There is certainly a smaller audience with this approach, although paradoxically there is far more financial reward and stability. I’m just fulfilled with having the capacity to explore the initial concept, and that there are people who are happy to support me doing so. It also means that if I have time beyond the initial commitment, I can explore other endeavours and release them for my patrons.

What are your experiences of the “traditional” system for releasing music, and are there particular reasons in rejecting those in favour of an artist-only subscription model?

I think once you’ve released a recording on vinyl then the illusion of the value of doing so dissipates. Sound as a medium is as transient as our lives, and perhaps it would be more conducive to psychological wellbeing to think this way. If we are to speak of use and value, a patronage model has been much more financially viable for me.

Where do you place yourself in a Scottish “music scene”? Do you think such a concept is out-moded because of the internet, or does location still serve a vital role?

I worked as a venue engineer for half a decade, which I cannot recommend in any good faith to anyone. Similarly, an album that I produced (Not Passing by Comfort) has made it to the shortlist for the Scottish Album of the Year Awards this year, but I don’t really enjoy recording bands. 

What is most important to me is playing music with others in close physical proximity, which to me is a more embodied and somatic manner of communication and social bonding than linguistic communication. There is meaning to be found here, which is otherwise absent from the music industry, counterculture, and contemporary life in general.

There are things that get in the way. It requires time and space, which must be paid for. Many properties that facilitate this are dependent on alcohol sales, charity, or partisan ideological adherence. I am critical of counterculture, and I think we should be, as it is defined by its rejection from the monoculture. It casts a large shadow, and carries a lot of baggage. There’s a collective victimhood which conceals an unconscious mimicry of the violence of the monoculture. The source of neurosis is all too often heartbreak.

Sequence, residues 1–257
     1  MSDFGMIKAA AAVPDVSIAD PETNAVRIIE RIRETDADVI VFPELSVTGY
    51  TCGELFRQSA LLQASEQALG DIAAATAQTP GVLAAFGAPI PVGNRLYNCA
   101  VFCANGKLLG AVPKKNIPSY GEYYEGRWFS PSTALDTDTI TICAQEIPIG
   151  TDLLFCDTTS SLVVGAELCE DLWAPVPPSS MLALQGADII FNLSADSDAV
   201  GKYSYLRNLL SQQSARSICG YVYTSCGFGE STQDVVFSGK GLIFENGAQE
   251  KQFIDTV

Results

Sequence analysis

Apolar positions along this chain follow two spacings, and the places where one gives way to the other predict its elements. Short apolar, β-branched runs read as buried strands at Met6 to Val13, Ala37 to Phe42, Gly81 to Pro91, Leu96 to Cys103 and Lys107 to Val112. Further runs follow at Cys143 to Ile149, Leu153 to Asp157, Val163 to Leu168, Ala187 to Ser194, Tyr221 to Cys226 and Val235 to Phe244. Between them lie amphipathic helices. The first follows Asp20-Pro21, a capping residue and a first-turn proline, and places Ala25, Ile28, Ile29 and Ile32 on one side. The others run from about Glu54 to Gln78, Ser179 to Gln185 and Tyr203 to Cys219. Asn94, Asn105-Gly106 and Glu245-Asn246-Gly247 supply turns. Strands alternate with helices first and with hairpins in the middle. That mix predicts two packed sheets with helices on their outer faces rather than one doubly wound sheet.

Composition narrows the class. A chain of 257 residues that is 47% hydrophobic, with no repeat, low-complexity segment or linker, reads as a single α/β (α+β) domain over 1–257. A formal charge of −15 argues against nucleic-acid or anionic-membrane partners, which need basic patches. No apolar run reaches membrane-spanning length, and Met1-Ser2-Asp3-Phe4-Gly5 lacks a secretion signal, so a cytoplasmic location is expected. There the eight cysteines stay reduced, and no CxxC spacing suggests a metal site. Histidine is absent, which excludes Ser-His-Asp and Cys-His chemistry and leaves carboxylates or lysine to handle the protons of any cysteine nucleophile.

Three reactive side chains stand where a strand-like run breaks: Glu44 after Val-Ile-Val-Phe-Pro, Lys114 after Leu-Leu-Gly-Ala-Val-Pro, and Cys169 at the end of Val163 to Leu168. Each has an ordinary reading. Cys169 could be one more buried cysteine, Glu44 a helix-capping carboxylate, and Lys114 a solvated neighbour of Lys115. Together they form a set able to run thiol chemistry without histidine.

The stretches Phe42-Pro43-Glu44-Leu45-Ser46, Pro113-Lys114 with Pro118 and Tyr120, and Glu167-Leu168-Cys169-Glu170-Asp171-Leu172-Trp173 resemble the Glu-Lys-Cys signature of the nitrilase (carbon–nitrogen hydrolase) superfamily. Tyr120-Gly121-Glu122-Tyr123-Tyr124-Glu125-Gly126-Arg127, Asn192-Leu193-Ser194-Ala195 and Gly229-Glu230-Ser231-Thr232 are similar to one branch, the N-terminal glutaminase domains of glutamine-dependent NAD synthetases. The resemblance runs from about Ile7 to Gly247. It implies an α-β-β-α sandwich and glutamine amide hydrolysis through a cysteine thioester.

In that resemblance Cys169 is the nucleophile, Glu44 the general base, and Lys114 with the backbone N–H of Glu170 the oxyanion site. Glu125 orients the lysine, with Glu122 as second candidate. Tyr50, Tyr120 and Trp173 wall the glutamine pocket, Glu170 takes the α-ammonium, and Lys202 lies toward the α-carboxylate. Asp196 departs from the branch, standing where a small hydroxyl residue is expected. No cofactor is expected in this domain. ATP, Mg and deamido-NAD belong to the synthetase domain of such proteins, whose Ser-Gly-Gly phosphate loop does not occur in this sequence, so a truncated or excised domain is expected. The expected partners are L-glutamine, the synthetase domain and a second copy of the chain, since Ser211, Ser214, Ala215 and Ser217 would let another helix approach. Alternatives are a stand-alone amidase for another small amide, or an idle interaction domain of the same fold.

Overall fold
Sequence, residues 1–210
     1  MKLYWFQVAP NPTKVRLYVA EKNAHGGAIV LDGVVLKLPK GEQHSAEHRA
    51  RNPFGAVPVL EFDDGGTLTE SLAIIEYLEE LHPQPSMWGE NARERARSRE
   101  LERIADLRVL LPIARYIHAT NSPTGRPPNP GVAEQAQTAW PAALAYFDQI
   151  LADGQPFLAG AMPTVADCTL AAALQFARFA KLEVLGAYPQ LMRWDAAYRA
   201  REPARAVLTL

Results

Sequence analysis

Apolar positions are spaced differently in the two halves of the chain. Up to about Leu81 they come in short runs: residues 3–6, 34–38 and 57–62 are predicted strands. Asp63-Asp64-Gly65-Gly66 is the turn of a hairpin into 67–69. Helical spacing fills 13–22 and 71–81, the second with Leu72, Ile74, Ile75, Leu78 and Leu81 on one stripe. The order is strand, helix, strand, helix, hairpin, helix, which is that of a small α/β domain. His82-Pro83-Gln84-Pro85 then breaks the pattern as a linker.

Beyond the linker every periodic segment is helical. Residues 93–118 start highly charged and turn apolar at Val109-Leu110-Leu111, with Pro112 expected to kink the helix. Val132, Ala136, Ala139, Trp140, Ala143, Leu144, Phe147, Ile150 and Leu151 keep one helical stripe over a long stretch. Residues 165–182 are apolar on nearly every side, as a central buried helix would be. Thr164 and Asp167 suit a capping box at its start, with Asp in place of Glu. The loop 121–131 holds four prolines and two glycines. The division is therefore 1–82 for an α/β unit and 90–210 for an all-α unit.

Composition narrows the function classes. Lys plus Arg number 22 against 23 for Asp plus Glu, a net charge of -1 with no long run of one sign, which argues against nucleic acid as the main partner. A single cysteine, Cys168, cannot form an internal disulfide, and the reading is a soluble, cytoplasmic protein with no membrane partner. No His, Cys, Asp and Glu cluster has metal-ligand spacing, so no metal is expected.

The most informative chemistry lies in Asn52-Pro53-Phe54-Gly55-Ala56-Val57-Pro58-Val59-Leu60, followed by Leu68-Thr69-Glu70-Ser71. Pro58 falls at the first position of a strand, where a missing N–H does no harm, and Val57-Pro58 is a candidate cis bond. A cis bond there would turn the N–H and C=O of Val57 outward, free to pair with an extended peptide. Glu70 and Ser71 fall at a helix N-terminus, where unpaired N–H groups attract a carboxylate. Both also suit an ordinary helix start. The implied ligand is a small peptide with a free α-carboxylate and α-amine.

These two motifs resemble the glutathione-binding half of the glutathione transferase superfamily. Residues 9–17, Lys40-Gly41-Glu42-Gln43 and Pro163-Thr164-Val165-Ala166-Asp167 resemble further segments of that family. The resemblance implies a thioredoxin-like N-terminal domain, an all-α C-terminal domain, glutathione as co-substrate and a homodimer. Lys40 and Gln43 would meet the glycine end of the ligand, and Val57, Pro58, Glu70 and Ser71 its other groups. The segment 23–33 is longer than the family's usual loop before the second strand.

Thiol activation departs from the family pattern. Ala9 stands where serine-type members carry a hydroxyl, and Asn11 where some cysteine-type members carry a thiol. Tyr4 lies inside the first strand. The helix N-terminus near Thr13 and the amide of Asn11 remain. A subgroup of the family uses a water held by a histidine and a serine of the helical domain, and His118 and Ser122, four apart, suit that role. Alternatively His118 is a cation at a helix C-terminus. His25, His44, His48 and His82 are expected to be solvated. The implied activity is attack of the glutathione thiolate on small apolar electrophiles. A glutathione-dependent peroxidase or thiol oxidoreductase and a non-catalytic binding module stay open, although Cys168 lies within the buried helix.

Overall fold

What else is going on? What have you been able to enjoy during the Hell Year of Our Lord 2020? Any tips for making art under lockdown?

I have a 2xLP release upcoming via Kit Records, which has been sent to the pressing plant. It’s nearly three hours of lo-fi chamber music that I composed and then recorded to tape with a virtual orchestra, and that’ll be released under the name of Time Binding Ensemble. It was produced with assistance from the music writer Chris Ott, and I’m very excited for people to hear it.

I’ve also been working on some manner of jazz-oriented music with my boyfriend, who is a talented saxophonist and pianist. I’m very grateful to be living under the same roof as another musician under lockdown.

It can be very difficult to contrive an idea, and if this is the case then it is generally for commercial or ideological ends. If you are doing this then you should be aware that on a neurological level this is a process of mimicry (despite our antithetical notions of copyright) and it is more conducive to be conscious of this than not. You will get more done. 

However, my own approach to art at this point in my life is a wholly other matter, which is to observe the autonomous contents of the psyche, the unit of which is the image, and the medium of which is the imaginal. If you do this, and you record your perceptions as representations, but not interpretations, then this is a wholly authentic and embodied relationship to creation. You will find that this relationship will deepen, and you will find meaning that is absent from the outside world.

Check out Helena Celle’s Patreon: